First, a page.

6.46      ASIC informed the committee that prior to exercising its contractual rights to appoint a receiver, a secured party would ordinarily assess its security position. In the first instance, a secured party might engage the prospective receiver as an ‘investigating accountant’ prior to a formal appointment as external administrator. The investigating accountant would then assess the debtor’s financial circumstances and the options available to the secured party. However, a person does not necessarily need to be a registered liquidator to act as an investigating accountant. The investigating accountant’s report will not usually recommend a specific course of action but provide information to enable the secured party to decide future steps. An insolvency practitioner conducting such an investigation on behalf of the secured party owes a duty to the secured party to protect the interests of that party, even if the company pays for the cost of the investigation.[48]

6.47      The committee was advised that the Corporations Act[49] does not prohibit an insolvency practitioner who has acted as investigating accountant from subsequently accepting an appointment as a receiver or liquidator of the company. However, the insolvency practitioner must have regard to how their investigating accountant’s report may affect their independence or the perception of their independence. If appointed, the court may remove them if there is an actual or distinct possibility of a conflict of interest.[50]

6.48      NAB informed the committee of its view, suggesting that it would be common practice in Australia that the person who does the initial investigation becomes the receiver. NAB argued that the person who has done the investigation has a fair degree of familiarity with the business; they understand its operations, its people and what it is doing. It therefore makes it easier for the receiver to step into a strange business and take it on, as well as avoiding additional costs.[51]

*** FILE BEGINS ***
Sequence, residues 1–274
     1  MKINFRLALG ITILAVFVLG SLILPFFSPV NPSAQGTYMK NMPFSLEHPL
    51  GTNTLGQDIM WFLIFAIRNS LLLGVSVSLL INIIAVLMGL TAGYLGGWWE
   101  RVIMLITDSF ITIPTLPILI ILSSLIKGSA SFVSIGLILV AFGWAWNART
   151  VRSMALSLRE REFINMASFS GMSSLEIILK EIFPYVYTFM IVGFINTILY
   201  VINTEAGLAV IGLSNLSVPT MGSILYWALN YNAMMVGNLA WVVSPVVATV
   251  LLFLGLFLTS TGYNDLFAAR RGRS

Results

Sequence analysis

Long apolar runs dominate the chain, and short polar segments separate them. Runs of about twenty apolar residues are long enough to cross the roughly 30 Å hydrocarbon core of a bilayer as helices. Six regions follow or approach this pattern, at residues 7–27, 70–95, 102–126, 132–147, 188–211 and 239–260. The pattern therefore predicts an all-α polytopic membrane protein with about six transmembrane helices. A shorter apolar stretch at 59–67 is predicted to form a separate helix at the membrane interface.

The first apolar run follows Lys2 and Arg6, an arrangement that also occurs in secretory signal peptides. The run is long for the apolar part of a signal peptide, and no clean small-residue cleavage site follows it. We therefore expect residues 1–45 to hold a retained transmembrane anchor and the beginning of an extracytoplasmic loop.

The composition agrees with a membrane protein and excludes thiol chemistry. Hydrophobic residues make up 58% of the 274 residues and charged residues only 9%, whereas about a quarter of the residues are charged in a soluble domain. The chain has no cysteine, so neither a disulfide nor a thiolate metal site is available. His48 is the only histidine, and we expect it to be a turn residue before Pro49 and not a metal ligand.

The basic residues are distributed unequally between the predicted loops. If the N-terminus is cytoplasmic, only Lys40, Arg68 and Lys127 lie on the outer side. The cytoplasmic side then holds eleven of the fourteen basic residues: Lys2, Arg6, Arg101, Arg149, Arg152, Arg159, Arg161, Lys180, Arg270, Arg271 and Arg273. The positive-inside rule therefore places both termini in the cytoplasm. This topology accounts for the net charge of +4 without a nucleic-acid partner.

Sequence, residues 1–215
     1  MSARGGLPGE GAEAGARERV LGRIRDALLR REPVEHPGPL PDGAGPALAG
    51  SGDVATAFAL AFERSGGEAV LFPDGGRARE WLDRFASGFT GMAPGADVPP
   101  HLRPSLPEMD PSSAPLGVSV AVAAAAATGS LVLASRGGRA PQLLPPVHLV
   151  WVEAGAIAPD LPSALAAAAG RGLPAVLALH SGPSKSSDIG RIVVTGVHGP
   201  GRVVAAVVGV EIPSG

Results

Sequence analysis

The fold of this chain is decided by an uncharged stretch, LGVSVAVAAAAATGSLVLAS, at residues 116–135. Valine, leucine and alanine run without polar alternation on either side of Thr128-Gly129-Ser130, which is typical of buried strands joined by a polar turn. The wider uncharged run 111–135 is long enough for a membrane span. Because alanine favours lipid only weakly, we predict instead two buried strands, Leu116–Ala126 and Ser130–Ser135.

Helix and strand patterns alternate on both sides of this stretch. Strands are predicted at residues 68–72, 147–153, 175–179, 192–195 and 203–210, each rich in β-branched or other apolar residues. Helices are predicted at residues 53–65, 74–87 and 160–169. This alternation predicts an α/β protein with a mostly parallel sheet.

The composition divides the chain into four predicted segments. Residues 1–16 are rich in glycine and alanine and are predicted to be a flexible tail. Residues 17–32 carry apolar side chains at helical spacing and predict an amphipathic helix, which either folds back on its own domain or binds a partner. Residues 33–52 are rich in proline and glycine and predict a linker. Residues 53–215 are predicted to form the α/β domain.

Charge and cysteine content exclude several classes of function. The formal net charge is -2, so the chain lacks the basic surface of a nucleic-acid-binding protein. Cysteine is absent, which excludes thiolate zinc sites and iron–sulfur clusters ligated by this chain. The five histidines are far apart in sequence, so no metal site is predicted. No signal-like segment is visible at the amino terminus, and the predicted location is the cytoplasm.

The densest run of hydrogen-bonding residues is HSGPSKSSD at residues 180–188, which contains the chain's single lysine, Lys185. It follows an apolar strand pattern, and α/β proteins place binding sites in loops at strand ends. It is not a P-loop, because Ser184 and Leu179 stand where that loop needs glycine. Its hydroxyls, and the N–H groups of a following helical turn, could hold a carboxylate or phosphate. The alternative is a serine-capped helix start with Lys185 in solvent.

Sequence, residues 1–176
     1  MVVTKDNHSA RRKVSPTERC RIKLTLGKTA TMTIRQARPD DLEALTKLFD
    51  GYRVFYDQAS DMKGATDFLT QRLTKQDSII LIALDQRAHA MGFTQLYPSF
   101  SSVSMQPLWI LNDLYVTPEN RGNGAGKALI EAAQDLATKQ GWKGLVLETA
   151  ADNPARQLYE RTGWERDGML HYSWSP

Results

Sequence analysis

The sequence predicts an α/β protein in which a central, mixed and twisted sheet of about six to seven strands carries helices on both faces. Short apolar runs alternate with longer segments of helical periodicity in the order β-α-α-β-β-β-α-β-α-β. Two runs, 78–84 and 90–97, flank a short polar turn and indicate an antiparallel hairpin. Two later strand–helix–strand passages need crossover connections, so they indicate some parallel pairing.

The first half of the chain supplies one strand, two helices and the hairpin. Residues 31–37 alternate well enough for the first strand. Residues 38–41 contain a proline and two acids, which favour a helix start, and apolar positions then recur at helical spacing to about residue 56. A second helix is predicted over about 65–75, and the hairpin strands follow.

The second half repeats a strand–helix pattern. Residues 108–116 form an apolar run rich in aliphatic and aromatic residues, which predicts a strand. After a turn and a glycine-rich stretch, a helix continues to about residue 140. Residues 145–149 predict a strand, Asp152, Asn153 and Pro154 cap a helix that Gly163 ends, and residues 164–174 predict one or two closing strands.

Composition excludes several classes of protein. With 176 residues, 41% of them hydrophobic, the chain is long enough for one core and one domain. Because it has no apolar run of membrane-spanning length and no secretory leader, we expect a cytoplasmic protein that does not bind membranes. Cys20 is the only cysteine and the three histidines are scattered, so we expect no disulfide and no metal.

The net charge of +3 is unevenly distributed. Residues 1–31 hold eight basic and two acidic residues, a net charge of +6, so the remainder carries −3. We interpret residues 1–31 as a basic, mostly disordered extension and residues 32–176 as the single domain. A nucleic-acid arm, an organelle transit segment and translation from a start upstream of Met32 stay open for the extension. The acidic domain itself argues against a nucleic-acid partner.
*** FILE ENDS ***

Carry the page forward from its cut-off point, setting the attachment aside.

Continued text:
We have investigating accountants do reviews on somewhere between two-thirds and three-quarters of the files that we look after. As we said, only about 15 per cent of them end up in formal insolvency. We see that the majority are helped to stay out of insolvency, but, yes, some go the other way.[52]

6.49      ASIC suggested that to address concerns that receivers may act without regard to the debtor’s or guarantor’s interests, consideration could be given to law reform to require a receiver to prepare and serve on the company a declaration of relevant relationships or a declaration of indemnities that discloses:

6.50      ASIC noted that insolvency practitioners are not required to complete a declaration of relevant relationships or indemnities when they are appointed. Although an investigating accountant's report may not specifically recommend a formal insolvency appointment, it is possible that other private representations may be made in favour of such an appointment. ASIC made the following suggestion to the committee:

To address concerns that the insolvency practitioner may act without regard to the debtor’s or guarantor’s interests, consideration could be given to law reform to require a receiver to prepare and serve on the company a Declaration of Relevant Relationships or a Declaration of Indemnities that discloses:

  1. the nature and extent of their relationship with the secured party;
  2. the services provided concerning the company prior to the appointment; and
  3. details of any indemnity provided.[54]

6.51      The committee questioned the Commonwealth Bank on its use of investigative accountants to examine whether the appointment of an investigative accountant automatically leads to a receivership. In response the Commonwealth Bank noted that: